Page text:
A Democratic Party state lawmaker in Wisconsin was attacked and brutally beaten by two women for daring to take photos of radical leftist protesters ripping down a statue in the state’s capital.
He’s currently kneeling on the ground next to his car pic.twitter.com/jo1ZNwE3FN
— Lawrence Andrea (@lawrencegandrea) June 24, 2020
Ironically, the two statues the leftist radicals toppled represented a strong woman and an abolitionist who died fighting for the Union during the Civil War.
NYP reports – During the protests, attendees toppled Wisconsin’s ‘Forward’ statue, a seven-foot-tall bronze sculpture depicting a woman standing on the prow of a boat. It was made by the artist Jean Pond Miner and was placed near the capitol steps in 1895 — ‘an unusual honor for a woman of her day,’ according to the Wisconsin Historical Society.
Later, the group also dragged away a statue of Col. Christian Heg, an abolitionist who died fighting for the Union during the US Civil war. That statue was thrown into a nearby lake, according to the Journal Sentinel.
Democrat State Sen. Tim Carpenter says he was brutally beaten for the crime of taking video of protesters tearing down the “Forward” statue on his cell phone in Madison, WI.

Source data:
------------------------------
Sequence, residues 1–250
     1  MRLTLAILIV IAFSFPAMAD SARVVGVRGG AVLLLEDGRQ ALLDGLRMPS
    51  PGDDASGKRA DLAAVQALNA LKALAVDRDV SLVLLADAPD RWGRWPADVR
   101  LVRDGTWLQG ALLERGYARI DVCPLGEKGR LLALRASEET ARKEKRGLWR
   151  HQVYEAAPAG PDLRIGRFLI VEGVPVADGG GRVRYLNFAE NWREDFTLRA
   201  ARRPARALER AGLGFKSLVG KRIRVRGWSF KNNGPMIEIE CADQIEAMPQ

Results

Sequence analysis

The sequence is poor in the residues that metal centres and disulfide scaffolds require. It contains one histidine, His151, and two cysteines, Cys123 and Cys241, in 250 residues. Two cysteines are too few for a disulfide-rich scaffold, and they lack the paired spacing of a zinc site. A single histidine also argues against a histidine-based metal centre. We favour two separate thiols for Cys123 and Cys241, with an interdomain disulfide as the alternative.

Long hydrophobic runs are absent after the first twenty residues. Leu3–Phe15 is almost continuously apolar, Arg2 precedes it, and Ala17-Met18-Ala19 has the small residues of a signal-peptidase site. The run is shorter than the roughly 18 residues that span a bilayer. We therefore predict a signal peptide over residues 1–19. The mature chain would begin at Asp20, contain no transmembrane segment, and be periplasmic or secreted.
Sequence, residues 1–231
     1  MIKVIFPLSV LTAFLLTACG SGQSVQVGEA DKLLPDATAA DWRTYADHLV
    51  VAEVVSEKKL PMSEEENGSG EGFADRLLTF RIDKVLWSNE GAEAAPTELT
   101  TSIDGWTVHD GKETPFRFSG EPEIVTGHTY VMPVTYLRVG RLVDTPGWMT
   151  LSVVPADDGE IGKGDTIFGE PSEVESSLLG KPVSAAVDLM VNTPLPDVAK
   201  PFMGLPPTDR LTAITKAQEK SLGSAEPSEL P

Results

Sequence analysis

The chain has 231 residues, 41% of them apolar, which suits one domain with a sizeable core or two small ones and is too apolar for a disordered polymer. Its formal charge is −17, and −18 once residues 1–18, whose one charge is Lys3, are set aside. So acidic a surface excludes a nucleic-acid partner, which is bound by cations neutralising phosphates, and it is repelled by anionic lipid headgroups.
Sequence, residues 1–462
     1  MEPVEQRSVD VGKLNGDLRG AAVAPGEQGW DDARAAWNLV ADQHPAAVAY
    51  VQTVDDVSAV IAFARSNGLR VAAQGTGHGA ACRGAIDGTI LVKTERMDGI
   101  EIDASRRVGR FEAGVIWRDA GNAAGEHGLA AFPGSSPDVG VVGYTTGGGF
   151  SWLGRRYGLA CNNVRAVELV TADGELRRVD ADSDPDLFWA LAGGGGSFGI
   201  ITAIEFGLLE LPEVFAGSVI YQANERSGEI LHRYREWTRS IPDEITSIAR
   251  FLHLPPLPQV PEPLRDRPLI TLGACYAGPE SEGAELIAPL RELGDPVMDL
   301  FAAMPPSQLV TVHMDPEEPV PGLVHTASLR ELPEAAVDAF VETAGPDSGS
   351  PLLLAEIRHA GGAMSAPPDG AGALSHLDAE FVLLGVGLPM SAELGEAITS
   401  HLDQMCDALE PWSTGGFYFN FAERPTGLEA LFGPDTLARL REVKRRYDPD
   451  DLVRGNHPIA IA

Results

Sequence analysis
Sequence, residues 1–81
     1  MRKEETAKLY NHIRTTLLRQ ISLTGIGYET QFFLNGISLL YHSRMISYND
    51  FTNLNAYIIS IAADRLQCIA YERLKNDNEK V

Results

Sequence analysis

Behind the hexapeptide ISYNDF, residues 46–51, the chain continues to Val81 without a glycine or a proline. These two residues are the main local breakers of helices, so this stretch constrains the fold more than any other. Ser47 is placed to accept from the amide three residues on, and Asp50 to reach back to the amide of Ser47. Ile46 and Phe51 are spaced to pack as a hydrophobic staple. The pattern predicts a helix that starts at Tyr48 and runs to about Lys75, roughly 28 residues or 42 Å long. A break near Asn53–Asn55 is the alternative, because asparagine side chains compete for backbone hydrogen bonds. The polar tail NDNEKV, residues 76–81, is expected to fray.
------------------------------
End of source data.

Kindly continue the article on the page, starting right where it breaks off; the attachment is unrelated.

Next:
Today, two women were arrested and charged in connection with the violent beating of the Democrat lawmaker.
NYP reports- “I don’t know what happened … all I did was stop and take a picture … and the next thing I’m getting five, six punches, getting kicked in the head,” Carpenter told the newspaper last month.
Two people within the “angry mob” that allegedly attacked Carpenter, identified by police as Samantha Hamer, 26, and Kerida O’Reilly, 33, both of Madison, surrendered to cops Monday. Both are now facing charges of substantial battery as a party to a crime and robbery with use of force as a party to a crime, police said Monday.
“Thanks to help from the community, the case detective was able to identify the two persons of interest,” police said in a statement. “Both turned themselves in today.”
Monday’s statement did not identify Carpenter by name, but Madison police said a politician reported to cops that he decided to use his phone to capture the protests just before he was assaulted.